Chris Bixby:

And then the second side of it was absolutely the shift to eCommerce. You can read any report right now, up 50%, 100%, 200%, and so where we were probably tracking to about 10% of eComm was about 10% of retail pre COVID, that’s 20% at this point, or higher. Certain categories, 50% of transactions like consumer electronics, 50% of transactions are online. And so there’s just been a massive tailwind there that’s benefited our business. I think the last thing is merchants are looking for new ways to acquire customers. They realized how competitive it is and they realized that by providing an option, they can help lift their basket sizes and all that other side of it, or even convert customers that are coming to their website. A lot of our merchants saw new customers come to their websites and wanted to be able to provide a payment option that fit those new customers.

George Peabody:

How do you think this is going to last once we’re all vaccinated and herd immunity is in place? What are your predictions as to how much it’s going to come back to the physical world?

Chris Bixby:

Yeah, I think it’s going to be interesting. I don’t know if this is the Sezzle take on it, but the way I look at it is there’s going to be several industries that are going to come back. We’re definitely along on in-person entertainment, we’re along on travel, we’re along on basically the idea of people getting back out there.

George Peabody:

We’re all ready to-

Chris Bixby:

We’re all ready. The question is, is this going to be six, 12, 18 months down the line? Many smart people can say multiple different things. It’s going to come back. It’s just going to be a matter of when. I think the retail landscape is going to be really interesting. What I’ve heard, we’ve been watching NRF and I’ve been attending NRF and CES and whatnot, and I think we’re all… And I would say I put myself there, I’m confident that retail is going to come back. What I’m not sure about, but I think, actually, most of these organizations have set up, is that retail is going to come back, but has already been forced to look different.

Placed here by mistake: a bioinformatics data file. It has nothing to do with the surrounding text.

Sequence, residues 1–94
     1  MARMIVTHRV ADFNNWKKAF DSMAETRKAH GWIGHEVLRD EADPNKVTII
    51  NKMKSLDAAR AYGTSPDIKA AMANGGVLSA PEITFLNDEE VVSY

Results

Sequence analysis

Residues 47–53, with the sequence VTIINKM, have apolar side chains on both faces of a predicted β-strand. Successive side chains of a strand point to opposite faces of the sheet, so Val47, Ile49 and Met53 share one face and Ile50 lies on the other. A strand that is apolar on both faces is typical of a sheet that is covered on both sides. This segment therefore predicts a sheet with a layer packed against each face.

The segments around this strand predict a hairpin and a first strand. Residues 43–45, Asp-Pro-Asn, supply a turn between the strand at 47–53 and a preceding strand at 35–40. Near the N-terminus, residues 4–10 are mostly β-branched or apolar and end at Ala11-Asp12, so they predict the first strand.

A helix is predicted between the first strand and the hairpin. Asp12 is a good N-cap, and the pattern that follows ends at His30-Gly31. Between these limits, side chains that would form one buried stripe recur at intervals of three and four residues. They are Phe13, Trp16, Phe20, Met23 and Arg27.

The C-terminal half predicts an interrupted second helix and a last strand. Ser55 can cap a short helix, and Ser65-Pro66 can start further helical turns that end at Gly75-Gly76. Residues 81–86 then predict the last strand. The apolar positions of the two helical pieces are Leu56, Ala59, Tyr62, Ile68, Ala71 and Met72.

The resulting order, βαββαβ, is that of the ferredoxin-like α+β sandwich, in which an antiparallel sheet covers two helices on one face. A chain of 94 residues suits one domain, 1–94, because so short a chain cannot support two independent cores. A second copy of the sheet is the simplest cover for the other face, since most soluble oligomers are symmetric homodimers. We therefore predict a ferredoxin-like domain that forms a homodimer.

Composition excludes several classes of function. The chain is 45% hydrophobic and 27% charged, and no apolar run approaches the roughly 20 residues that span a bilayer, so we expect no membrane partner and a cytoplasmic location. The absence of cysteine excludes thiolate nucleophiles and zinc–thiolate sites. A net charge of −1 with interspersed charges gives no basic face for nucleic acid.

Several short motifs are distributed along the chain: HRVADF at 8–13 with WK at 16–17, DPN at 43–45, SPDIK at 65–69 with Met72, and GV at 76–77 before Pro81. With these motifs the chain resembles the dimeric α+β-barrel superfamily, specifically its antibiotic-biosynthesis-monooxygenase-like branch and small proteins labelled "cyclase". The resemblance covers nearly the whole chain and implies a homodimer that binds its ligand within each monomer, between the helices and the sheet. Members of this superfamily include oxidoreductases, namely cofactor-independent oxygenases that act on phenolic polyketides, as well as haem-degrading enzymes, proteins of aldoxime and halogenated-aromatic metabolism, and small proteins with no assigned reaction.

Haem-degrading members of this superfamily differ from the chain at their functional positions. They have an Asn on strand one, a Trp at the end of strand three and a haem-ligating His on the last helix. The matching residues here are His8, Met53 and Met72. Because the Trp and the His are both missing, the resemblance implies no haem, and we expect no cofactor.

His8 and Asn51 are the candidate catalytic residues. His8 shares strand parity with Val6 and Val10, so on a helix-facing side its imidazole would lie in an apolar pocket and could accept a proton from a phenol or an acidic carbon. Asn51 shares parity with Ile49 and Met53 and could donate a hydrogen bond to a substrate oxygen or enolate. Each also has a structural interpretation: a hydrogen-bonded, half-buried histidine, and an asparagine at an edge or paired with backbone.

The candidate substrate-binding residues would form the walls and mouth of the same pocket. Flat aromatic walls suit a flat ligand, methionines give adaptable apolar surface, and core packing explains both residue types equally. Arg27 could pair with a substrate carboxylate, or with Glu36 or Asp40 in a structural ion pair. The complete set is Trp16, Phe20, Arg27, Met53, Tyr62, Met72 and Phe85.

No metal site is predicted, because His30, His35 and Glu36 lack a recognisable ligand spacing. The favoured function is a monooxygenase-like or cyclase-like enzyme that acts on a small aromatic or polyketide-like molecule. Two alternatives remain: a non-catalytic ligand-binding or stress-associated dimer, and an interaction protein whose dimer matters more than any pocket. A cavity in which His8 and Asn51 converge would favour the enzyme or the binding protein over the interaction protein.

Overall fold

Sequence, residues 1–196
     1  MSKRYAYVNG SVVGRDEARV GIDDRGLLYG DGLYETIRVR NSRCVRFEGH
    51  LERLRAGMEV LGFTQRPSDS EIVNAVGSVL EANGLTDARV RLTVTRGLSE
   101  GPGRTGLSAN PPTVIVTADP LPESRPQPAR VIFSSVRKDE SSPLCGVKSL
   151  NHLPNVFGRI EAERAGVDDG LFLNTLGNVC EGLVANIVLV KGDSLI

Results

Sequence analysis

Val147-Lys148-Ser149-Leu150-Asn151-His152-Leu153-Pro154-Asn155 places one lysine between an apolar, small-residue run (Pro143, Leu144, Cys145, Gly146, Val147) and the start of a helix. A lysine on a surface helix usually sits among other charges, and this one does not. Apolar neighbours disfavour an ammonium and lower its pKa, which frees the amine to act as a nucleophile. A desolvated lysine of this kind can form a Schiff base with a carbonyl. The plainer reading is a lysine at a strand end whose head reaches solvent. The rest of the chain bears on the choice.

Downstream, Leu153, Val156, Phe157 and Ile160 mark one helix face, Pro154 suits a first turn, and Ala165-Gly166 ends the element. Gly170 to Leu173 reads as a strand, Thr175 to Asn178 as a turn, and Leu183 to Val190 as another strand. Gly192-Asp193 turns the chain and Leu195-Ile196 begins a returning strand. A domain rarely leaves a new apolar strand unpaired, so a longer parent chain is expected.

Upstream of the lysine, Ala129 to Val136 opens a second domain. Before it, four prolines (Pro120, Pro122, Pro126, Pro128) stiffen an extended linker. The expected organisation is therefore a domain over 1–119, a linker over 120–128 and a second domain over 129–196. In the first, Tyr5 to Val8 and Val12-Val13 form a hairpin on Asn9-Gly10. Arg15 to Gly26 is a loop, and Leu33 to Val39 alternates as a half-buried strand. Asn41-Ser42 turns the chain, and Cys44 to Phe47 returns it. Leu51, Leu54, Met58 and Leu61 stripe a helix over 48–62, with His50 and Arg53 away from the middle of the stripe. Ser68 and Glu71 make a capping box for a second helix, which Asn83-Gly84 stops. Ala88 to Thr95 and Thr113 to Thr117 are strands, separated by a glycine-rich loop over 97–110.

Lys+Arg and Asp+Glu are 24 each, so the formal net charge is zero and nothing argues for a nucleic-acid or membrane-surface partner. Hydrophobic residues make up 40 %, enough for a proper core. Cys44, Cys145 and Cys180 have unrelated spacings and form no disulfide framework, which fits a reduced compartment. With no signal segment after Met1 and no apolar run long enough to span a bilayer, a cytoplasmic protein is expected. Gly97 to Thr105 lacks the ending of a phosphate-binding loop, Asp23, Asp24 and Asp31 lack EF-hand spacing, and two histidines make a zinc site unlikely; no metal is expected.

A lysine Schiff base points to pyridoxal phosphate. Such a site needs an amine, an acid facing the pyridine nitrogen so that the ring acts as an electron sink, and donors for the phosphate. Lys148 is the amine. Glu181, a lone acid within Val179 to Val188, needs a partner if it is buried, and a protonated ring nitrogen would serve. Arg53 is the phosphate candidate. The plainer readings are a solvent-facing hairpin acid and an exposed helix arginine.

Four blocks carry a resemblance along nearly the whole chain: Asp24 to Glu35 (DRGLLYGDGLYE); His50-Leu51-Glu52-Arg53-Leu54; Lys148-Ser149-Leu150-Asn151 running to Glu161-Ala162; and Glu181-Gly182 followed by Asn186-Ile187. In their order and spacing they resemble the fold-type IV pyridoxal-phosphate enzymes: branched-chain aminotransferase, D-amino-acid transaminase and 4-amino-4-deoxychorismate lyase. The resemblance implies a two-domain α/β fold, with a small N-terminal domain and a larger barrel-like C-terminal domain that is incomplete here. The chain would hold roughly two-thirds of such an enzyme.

Chris Bixby:

Omni-channel approach, buy online, pickup in store. Basically stores as a fulfillment center, it’s going to be a different level. I’ve even heard the Best Buy CEO was on the other day and talking about how their portfolio and products has changed, and the Lowe’s CEO said the same thing about their actual… If they get people to a retail location, it’s going to be different than it was before. Whether that’s, in our world, faster, more seamless, contactless payments, whether it’s the ability to buy online pickup in store, but then even the selection is going to be different at the retail locations.

Chris Bixby:

People are going to be in stores shorter. That’s been a pretty significant shift of the time in store. Browsing is going to totally change, placement in store is going to change. And so I see that, but ultimately, I think retailers have realized having an approach, it’s not just eComm anymore, it’s not just retail anymore, it’s true, just commerce. And so I think that’s the thing that’s going to change the most coming out of this.

George Peabody:

I think the other thing we’d say is that COVID has been a forcing function for digitization. I’ve seen this multiple times, folks saying that we have moved three to five years faster down the digitization path than we were planning to pre COVID.

Chris Bixby:

It’s been a wild ride, to be honest. Wild ride.

George Peabody:

It sure has. Well, Chris, very grateful for your time and your observations and for introducing us to what your firm does. Really interesting, and here’s to a sane, prosperous, and a happy 2021.

Chris Bixby:

Yeah, happy new year. Hope everyone is staying safe and sound. And like you said, prosper ahead.

George Peabody:

Very good.

Chris Bixby:

Thanks, George.